What is sin?

The language of the existentialist theologians is helpful when they speak of an inauthentic self in contrast with an authentic self - James D. Smart, Doorway to a New Age
Sin is other people's faults and misery; other people's insecurities, fears, and failures; other people's baggage dumped on you. To put it more crudely, sin is other people's mess-up.

Philip Larkin put it somewhat more directly. Even parents with the best will in the world cannot fail to foist their faults upon their offspring. From the moment a child is born, that silent sponge is in close contact (or not) with its parents absorbing every word, inflection, and nuance.

The little one will become the whipping boy for every bad day at work, every disagreement between Mum and Dad, every lost argument. Even a parent's regret at the treatment is registered by the infant as it tries to reconcile the double bluff, the one-moment-harsh-the-next-moment-loving situation. These are all matters a child will have to deal with when he or she gets older. Everything that is right and good and proper, everything that you could have been or wish you were is gradually overwritten by something fearful, angry and ashamed. It is the struggle between their authentic and inauthentic selves moulding you in their inauthentic image.

If parents are feeling guilty about this, then that is no bad thing. We do need constantly to examine our parenting skills. If we are feeling irritated, annoyed, maybe downright angry at seemingly being given the blame, then we have to find a way to deal with that - we cannot be unaware of the dynamic impact a parent has on a child's life.

One thing to remember is that every person will, at some point in life, need to repent - will need to find their authentic self, the real you buried beneath the mountain of grief. Larkin's "coastal shelf" deepening as the years go by, is mirrored by the term "mountain" used by Jesus. Parents cannot defend their child against the stealthy invasion of the inauthentic self. They simply have to do the best job that they know how.

Other people's fears and frustrations become our own. On top of that, we develop our own unique brand of fear and frustration as a reaction to those of others. Such is the nature of "sin".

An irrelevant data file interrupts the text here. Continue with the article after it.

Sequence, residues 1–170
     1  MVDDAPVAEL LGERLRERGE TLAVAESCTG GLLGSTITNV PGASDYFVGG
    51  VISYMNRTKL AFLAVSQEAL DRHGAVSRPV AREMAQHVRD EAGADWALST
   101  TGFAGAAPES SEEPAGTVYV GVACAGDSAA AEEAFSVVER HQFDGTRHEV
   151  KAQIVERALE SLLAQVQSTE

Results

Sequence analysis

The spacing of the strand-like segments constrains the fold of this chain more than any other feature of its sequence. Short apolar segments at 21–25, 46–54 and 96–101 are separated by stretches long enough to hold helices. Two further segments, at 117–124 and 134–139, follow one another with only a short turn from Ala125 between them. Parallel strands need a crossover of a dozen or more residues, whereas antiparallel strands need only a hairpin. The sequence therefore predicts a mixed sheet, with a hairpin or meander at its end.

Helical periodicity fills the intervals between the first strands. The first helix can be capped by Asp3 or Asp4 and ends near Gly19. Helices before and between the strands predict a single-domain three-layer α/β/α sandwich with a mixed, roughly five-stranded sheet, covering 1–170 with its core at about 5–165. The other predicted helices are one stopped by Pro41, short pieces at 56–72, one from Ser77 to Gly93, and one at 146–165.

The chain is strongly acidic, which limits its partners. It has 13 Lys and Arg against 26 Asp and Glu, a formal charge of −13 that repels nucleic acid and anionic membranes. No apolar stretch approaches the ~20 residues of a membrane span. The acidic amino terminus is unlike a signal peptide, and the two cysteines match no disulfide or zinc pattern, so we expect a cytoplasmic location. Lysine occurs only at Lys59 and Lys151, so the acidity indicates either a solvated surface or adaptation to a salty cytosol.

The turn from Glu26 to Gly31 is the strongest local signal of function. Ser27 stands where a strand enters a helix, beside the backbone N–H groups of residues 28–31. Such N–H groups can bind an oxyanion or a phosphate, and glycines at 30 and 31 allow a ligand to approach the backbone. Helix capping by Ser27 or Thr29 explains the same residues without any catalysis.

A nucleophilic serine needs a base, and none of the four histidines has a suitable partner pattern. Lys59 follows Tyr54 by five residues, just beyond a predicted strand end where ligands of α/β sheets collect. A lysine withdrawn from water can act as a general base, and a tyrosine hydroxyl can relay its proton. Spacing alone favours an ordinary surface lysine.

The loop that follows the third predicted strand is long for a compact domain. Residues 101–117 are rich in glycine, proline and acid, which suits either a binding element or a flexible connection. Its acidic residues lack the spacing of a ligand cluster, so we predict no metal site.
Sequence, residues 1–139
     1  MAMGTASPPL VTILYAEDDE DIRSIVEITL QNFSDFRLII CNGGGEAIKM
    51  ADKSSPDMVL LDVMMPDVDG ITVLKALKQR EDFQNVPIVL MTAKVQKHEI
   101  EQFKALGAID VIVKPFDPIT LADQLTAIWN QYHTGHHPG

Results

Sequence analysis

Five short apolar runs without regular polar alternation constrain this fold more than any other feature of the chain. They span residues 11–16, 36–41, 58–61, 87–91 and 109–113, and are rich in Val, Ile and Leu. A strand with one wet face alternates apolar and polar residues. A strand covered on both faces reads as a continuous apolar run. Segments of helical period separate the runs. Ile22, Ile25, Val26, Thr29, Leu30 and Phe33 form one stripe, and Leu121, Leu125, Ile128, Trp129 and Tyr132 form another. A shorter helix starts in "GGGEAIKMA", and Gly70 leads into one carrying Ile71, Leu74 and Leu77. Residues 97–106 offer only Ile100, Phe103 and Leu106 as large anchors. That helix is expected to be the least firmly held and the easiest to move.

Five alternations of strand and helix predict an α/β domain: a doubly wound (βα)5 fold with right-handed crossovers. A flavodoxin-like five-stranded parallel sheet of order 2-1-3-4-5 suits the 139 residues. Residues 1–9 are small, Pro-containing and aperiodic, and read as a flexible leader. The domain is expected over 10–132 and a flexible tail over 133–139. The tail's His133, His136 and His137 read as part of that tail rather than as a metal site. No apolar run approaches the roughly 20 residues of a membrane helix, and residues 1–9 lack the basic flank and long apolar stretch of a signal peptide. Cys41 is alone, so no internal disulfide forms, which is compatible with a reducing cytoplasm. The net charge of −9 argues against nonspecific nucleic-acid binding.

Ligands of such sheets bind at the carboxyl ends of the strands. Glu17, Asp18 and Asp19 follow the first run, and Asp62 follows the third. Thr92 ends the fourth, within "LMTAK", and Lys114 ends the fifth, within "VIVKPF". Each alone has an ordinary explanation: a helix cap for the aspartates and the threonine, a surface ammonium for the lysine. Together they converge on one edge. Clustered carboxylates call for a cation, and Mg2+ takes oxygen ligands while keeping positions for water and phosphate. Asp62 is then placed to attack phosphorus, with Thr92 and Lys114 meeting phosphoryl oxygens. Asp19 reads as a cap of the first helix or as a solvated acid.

What determines our behaviour is not what happens to us but how we interpret what happens to us - Dorothy Rowe, Why We Lie
Ephesians 4:22-24
So, what is the solution to this problem? Well, surely the answer lies in Paul's exhortation to "strip off the old personality," the inauthentic you. To unpick the stitches one by one, if necessary. In a similar way, Jesus talked about being "born again." Rewinding our lives back to the start. Going off-script. Deleting all those looped audio tracks that we live by - redirecting the routes our thought patterns take. Forcing ourselves to question why we think in a certain way, facing up to the origins of such thinking, and challenging the truthfulness of our existence. This what Paul meant by being "renewed in the spirit of your minds." In other words, we put the old personality to death. We kill it. That is how we die a death like Jesus, making way for the new personality - the authentic you - to rise like a resurrection. A new birth.

This all achieved by means of repentance. Going back to key events in our lives and reinterpreting those events by looking at them with clearer eyes. When we do this, we begin to feel the impact of the good news, "Your sins have been forgiven."
Forgiveness is not something we do but, like happiness, is something which arises spontaneously from what we do. It is not a virtue but a blessing. We cannot make ourselves forgive any more than we can make ourselves happy. We can do the things for which forgiveness is a by-product. We can seek to enlarge our understanding of why these hurtful events occurred. It is much easier to discover forgiveness for yourself if you actually seek to understand yourself. By concentrating on the understanding and the actions we can one day discover that we have lost a burden, and that state of lightness is forgiveness - Dorothy Rowe, The Successful Self
God understands. He always has done. So, for him, he has never held our sins against us. But, until we understand, we can never forgive ourselves! It is by forgiving ourselves that we have our sins "blotted out." We wipe the slate clean. Other people wrote on that slate, and it is time for us to write on it ourselves as children of God.

Jesus was telling nothing new when he made the proclamation, "Your sins have been forgiven!" It was already there in the scriptures, and he could not keep quiet about it. He saw it in the broken condition described in the opening chapters of Genesis, and that man's only answer - his spiritual need - was to reconnect with God. He saw that certain ones had already discerned this - the psalmist who wrote, "As far as the east is from the west, so far has he removed our transgressions from us," or Isaiah being touched on the mouth and being told, "See...your guilt is taken away and your sin atoned for."

But, Jesus also understood that this was not a concept that many would be able to grasp. Not for nothing did he intimate that the road was narrow, and that few were the ones finding it. There must be a certain acceptance of being alone in this realisation. But that didn't mean that he wouldn't try, even if it meant telling people what they didn't want to hear, whatever the consequences of that action might be. It was worth it if it meant pointing people back to a renewed relationship with God and getting them to reveal the real you, the authentic you.